Welcome to Throwback Thursday where I look at an old post and compare how I was mentally doing then to how I’m doing mentally now.  The goal is always to be doing better now.

Please read the following piece written January 27, 2013, entitled “Female Fortunato.” I assume this name was taken from Edgar Alan Poe’s short story entitled The Cask of Amontillado regarding the infamous character named Fortunato.

I realize now how foolish I was.
I thought I would never be back here.
But there is no mistaking that I have come home for the final time.

What a wretched place this is!
It feels so primitive, so endemic,
that my mind must have been born into this deathless sunset.

Though a citizen of dejection, I was neverless than agonized in my nation.
I redundantly tried to disappear,
to escape with every piece of artificial joy I could steal,
But I was always captured by shadows smarter than myself,
And a frantic despair more purposeful than my own.

I thought I had triumphantly escaped this last time
but realized I never went anywhere at all
when I felt my dark, listless heart still moaning with each beat,
and the helpless cries of my struggling hopes
choking, choking, choking on death, death, death.

What a fool that lives beneath this skin!
I persistently close my eyes to pretend I am somewhere,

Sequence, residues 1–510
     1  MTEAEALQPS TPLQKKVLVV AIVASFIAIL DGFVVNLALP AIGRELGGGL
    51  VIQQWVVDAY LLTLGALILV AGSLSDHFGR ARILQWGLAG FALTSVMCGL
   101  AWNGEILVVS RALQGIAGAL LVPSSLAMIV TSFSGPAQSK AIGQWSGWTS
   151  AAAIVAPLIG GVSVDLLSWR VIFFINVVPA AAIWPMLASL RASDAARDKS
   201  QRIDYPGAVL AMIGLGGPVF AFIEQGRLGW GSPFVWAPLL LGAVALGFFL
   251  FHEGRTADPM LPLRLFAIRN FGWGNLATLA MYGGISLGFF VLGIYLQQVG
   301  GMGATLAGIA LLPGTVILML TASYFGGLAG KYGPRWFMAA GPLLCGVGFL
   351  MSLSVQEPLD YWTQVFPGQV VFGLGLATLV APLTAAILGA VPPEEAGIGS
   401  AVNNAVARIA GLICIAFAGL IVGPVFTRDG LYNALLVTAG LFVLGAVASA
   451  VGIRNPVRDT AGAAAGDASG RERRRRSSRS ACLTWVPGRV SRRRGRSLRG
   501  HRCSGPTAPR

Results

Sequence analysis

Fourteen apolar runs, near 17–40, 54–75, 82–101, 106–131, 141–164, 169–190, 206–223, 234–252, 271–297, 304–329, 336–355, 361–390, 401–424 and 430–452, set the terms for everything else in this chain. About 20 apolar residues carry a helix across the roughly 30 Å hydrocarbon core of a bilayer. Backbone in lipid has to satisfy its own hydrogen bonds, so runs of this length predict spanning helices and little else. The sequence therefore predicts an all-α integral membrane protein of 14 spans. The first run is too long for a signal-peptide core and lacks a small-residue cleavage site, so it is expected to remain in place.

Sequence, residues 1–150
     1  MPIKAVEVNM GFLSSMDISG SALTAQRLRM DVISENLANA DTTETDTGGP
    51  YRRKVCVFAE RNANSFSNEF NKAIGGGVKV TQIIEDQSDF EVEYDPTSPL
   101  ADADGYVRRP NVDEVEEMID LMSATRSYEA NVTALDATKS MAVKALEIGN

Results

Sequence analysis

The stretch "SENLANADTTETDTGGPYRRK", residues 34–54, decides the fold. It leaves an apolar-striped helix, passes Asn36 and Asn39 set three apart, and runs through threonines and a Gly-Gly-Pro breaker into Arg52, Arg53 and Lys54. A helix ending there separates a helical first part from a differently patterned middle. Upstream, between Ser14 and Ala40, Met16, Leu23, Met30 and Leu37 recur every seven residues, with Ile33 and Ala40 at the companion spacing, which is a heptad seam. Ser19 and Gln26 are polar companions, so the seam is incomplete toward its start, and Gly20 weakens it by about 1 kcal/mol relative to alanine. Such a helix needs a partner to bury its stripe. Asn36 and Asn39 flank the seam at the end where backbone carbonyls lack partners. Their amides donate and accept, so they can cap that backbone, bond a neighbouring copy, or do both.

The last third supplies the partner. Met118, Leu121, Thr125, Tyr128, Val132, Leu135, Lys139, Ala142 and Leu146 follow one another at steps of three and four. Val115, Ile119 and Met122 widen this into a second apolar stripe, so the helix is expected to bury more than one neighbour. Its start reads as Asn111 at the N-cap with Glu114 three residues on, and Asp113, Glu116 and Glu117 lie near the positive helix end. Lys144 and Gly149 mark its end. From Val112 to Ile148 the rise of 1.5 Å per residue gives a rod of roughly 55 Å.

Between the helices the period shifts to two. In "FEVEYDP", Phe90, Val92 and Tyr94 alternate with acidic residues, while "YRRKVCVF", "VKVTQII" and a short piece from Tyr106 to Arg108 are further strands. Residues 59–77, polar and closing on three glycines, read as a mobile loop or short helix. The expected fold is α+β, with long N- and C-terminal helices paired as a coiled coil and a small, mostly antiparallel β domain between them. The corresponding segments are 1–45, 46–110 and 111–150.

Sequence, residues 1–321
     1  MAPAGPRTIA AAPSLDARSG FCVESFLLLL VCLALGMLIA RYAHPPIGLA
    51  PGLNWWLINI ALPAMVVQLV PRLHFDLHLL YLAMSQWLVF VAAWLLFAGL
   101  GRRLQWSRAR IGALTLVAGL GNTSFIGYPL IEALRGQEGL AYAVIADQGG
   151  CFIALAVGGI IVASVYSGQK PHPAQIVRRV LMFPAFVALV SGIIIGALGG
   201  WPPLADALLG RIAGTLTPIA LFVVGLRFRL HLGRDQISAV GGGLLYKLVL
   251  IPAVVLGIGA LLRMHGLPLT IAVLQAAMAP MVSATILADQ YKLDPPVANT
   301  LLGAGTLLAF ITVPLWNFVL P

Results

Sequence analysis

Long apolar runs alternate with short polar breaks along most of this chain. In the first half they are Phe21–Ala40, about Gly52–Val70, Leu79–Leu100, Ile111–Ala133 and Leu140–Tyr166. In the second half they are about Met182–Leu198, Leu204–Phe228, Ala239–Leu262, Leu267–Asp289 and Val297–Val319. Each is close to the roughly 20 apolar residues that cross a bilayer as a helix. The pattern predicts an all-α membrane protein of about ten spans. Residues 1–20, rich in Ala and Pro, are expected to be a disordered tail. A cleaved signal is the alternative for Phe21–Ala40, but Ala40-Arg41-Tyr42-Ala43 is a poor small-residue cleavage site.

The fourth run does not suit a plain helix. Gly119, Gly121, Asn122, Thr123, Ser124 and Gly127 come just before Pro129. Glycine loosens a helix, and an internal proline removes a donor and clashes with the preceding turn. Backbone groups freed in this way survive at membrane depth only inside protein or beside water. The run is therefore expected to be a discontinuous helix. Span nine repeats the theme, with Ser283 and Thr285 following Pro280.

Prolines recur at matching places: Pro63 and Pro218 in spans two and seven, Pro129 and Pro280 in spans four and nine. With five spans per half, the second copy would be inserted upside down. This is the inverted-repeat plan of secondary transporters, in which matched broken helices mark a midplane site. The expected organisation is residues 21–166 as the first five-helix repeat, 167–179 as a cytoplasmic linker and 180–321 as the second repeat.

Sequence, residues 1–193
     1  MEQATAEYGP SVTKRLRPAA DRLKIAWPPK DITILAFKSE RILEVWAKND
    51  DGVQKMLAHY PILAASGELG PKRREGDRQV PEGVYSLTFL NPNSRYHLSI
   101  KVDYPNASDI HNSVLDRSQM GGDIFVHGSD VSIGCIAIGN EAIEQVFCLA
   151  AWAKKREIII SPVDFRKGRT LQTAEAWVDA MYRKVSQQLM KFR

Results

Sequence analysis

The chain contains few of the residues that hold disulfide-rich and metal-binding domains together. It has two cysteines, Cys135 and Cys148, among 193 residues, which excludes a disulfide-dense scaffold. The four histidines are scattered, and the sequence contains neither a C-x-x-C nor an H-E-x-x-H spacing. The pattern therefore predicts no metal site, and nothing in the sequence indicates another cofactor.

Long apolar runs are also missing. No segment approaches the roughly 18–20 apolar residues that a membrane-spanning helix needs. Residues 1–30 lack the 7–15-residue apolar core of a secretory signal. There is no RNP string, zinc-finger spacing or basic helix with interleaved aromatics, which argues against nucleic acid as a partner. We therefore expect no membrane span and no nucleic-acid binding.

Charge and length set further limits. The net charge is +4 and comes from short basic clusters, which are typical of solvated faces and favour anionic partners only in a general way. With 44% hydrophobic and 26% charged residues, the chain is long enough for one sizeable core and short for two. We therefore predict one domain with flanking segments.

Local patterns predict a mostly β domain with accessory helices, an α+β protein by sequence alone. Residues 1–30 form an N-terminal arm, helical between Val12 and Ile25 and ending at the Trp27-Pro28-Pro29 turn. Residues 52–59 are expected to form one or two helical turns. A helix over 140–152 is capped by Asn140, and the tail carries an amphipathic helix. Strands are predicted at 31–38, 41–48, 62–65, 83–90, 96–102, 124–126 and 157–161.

anywhere other than home,

but my eyes are demanded open by the shadows that
Still teach me the message of worthlessness,
Still thieve the last suggestion of light,
Still sing to me the lullaby of a concluding sleep
I hoped I would never crave again.

I am not made of stone.
Fade to black . . . I’m sick of trying.


When I Wrote This Piece

Let’s start with the title.  Taken from Poe’s short story, Fortunato is a character that eventually meets his demise through his own arrogance, obnoxiousness, and greed.  Why I called myself “Female Fortunato,” I can only guess, is because I wanted to meet with the same fate as Fortunato.

This piece of prose is more about me feeling like I wanted to end it all, not necessarily by suicide, but for the pain just to be over.  The pain and agony I felt seemed so natural and organic, I felt I was born into the pain.

I remark  that there was a time I thought I’d gone through the worst of my misery, but I was mistaken, and as the second to the final stanza says, the shadows still teach me I’m worthless, still take any light I hoped was left, and still sang to me my final, concluding song.

The last two lines really sum the writing: I wasn’t made of stone.  I hurt too much.  I was sick of trying.

Compared to Today

I recognize the person who wrote this, but I am not living in the space where I want to die.  One could argue I have positive things going for me that I did not have at the time.

I do still feel like I was born into this pain and suffering, as if it’s my birthright, and I will always be trying to escape it.  But when the writing refers to “shadows smarter than myself,”  it is referring to my head mates, my dissociation, my alters/parts, that would look for ways to hurt me.

While I don’t think my head mates and I are one happy party, there is ever so slightly less fighting and the slightest trace of compassion.

All in all, I would say I’ve gotten better than I was at the beginning of January 2013.  Still have a ways to go, but at least for this second in time, there’s more to me than death and hurting.